The Rev. William J. Watters, S.J., founder of the Loyola Early Learning Center and two other Jesuit schools in Baltimore for economically disadvantaged children, delivered the 2019 commencement address to graduates of Loyola University Maryland.
“I thank you for your spirit of commitment to helping others,” Watters told the Class of 2019, after commending the graduates for showing a keen interest in social justice. “It is that dedication to a faith that does justice which is foundational to Jesuit education.
“Now as you complete your years at this university,” Watters said, “you have the challenge to engage as men and women for and with others in our deeply wounded and divided world. It is that world where you will live out your strong truths and put into practice the full values of your Jesuit education. … Make your mission to be bridge builders and healers in the world you enter.”
Watters, 85, a member of the Society of Jesus for more than 60 years and a priest for more than 50, was also awarded the honorary degree of Doctor of Humane Letters during the Jesuit university’s 167th commencement exercises on May 18.
The degree citation said he was honored “for his dedication to the children of Baltimore; for his visionary and innovative leadership, particularly in the field of education; and for his example of Jesuit excellence and values.”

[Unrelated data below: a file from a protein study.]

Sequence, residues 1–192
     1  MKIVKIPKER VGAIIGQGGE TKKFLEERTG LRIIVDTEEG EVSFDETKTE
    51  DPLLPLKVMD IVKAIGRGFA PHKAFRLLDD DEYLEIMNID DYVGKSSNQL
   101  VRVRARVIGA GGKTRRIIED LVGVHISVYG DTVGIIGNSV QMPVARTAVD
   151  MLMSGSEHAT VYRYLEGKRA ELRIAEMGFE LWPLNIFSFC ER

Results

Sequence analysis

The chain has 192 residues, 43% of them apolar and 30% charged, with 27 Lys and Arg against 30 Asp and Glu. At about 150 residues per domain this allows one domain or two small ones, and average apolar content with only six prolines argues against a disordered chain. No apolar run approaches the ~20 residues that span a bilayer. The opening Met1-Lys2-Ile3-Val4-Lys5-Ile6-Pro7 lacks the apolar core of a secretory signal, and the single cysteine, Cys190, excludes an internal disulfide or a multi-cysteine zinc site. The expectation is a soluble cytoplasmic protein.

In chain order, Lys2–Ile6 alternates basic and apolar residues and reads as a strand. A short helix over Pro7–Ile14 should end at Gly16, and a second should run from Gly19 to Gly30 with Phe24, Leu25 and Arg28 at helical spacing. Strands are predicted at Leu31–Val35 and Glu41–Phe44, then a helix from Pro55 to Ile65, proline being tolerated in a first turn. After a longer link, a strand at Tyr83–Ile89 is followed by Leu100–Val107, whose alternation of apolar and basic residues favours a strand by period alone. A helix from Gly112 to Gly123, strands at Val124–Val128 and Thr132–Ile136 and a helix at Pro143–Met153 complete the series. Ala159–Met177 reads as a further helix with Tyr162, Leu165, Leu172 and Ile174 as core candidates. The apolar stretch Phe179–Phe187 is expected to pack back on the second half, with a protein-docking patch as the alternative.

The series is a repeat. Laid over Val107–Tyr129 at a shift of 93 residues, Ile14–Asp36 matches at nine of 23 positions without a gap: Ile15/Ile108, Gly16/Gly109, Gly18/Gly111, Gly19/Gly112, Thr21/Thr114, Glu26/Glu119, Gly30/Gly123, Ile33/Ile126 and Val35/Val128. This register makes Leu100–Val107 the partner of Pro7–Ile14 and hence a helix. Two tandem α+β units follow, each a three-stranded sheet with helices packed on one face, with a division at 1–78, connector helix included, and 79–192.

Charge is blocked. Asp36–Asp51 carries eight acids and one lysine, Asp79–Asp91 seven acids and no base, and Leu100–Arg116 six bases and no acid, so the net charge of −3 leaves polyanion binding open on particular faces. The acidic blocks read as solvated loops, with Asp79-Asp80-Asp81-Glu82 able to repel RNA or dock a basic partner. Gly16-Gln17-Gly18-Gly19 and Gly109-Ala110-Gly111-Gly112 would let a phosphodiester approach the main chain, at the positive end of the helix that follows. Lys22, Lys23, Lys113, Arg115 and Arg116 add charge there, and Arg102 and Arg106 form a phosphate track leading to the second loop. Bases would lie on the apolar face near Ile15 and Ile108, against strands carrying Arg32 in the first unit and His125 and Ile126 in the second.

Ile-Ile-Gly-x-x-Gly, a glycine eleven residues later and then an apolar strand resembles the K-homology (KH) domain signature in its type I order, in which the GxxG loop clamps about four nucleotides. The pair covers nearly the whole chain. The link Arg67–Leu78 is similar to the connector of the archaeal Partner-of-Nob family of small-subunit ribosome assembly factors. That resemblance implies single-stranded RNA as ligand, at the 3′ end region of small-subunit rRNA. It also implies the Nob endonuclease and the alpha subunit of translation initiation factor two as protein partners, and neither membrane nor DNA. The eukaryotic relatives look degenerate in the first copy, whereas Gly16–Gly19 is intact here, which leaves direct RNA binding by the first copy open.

Watters is currently assisting priest at St. Ignatius Catholic Community in Baltimore and president of Loyola Early Learning Center, a pre-school he opened in 2017 to focus on the physical, emotional, cognitive, creative, social, behavioral, and spiritual of pre-kindergarten boys and girls from underserved communities in the city.
He previously founded St. Ignatius Loyola Academy, a middle school for boys that recently celebrated its 25th anniversary year. In 2007, he opened Cristo Rey Jesuit High School, a school for boys and girls that combines college preparatory education with professional work experience.
In two tenures as pastor, Watters transformed St. Ignatius Catholic Community in Baltimore’s Mount Vernon neighborhood from a struggling parish to a thriving one that attracts congregants from throughout the Greater Baltimore area.
During his priesthood, Watters has also served on the faculty at Loyola Blakefield, Maryland; as executive assistant to the provincial of the Jesuits’ Maryland Province in Baltimore; and in Philadelphia and Nigeria, among other assignments.
Those who wish to honor Watters on the occasion of his commencement address and honorary doctorate may want to consider a gift to the Loyola Early Learning Center.
See the school’s website for information.